• Mc Nicolls felt it was unfair for the State to have prosecuted Panday, when there was a number of other high officials who had acted in flagrant disregard of the Integrity Commission's requirements and no action was taken against them.

• That it was to Mc Nicolls' knowledge, since his mother was an East Indian, that in Hindu families the wives were traditionally entrusted with control of the family's financial affairs.

Sharma said Mc Nicolls did not seek his advice on any of those matters and he volunteered none.

CJ Sharma also said that Manning, after an April 5 conference, had told Justice Ulric Cross that "the Chief Justice must go" and he (the CJ) had been attempting to influence the adjudication in the Panday case.

Sharma said Jeremie told him on Monday that the state had two statements containing evidence that he had interfered with the administration of justice by trying to influence the outcome of the Panday case.

Sharma said Jeremie told him: "This time 'they' would not be going the route of Section 137 of the Constitution, implying it was 'their' intention to initiate criminal prosecution against me," Sharma added.

"He (AG) claimed the evidence against me was explosive. The meeting lasted 25-30 minutes and the greater part of this time was spent by his attempting to pressure me into resignation. He said I should resign rather than suffer the disgrace and embarrassment of a criminal prosecution."

Sharma said Manning met with him Tuesday, saying he was giving Sharma the option of resigning "but if I did not do so he would hand the Chief Magistrate's report to the police and I would face criminal prosecution," Sharma said.

"He (Manning) said on this occasion he would not make the mistake again of proceeding under the Constitution to effect my removal from office," Sharma added.

Sharma said Manning told him if he agreed to resign he would allow him to remain in office until the end of the current term.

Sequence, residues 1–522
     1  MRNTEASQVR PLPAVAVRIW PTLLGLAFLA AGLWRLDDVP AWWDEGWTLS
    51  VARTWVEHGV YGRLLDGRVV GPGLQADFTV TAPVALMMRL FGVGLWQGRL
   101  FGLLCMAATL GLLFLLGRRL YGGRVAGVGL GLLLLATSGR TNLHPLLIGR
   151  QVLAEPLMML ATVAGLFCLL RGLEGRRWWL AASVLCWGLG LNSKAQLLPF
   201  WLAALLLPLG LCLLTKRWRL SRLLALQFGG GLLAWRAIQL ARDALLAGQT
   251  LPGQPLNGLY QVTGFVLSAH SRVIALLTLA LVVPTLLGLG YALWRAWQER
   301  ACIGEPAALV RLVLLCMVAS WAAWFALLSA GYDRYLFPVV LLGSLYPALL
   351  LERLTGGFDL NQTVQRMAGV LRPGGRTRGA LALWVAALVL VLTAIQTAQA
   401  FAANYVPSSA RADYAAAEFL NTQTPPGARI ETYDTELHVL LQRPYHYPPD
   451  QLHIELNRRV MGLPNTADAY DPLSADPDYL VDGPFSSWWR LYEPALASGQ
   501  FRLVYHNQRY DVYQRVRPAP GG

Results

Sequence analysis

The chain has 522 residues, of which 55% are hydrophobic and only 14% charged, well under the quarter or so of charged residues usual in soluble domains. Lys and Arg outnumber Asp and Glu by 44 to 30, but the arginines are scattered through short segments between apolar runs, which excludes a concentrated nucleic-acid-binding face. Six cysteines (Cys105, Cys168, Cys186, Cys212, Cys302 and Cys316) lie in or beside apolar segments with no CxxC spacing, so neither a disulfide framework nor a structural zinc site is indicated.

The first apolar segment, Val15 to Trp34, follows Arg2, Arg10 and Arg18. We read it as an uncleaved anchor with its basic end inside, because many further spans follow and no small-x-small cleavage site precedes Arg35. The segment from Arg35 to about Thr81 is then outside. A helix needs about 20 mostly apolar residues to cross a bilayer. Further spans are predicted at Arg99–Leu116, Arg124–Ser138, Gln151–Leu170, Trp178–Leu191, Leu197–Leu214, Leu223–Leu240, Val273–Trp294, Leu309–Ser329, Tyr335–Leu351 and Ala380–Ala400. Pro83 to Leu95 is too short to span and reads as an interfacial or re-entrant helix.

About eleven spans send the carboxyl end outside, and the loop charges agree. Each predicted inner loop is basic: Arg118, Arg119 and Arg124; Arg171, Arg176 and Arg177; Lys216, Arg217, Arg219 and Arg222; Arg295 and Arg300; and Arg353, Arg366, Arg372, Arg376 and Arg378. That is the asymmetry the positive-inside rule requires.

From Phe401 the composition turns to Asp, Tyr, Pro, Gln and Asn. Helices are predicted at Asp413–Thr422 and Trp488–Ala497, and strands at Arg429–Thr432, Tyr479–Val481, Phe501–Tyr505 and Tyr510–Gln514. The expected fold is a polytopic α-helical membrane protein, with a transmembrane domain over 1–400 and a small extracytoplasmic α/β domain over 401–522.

Sharma said Manning refused to give him a copy of Mc Nicolls' letter for his lawyers to examine and respond. He said he told Manning the allegations were false.

However, the Prime Minister said Sharma had until his return from his proposed trip to Europe to decide.

Sharma added: "I hope and pray the national community will not stand idly by and allow T&T's democracy to be threatened."

Yesterday Attorney General Jeremie issued a statement, explaining the circumstances in which he was contacted by Mc Nichols in connection with a Clico subsidiary cheque Mc Nicolls had received (see story on Page 5).

Opposition Leader Kamla Persad-Bissessar called for an independent public Commission of Enquiry into the allegations against Mc Nicolls, Sharma, the PM, the AG and the DPP—as well as on concerns about the Panday case as a result of these allegations. She said the ruling in Panday's case is now tainted.

Chief Magistrate Mc Nicolls was in the Tobago courts and unavailable for comment.

©2005-2006 Trinidad Publishing Company Limited

Messages In This Thread

CJ: I won't be bullied
CJ's letter to JLSC
PM tells Parliament *LINK*
AG cautions legal bodies and media
Traps set for Chief Justice, Chief Magistrate
PM wants control of judiciary-Ramesh
Prez-PM rift widens
DPP warns media: Watch reports on CJ issue
Cops seize papers from CJ's office
Trinidad and Tobago News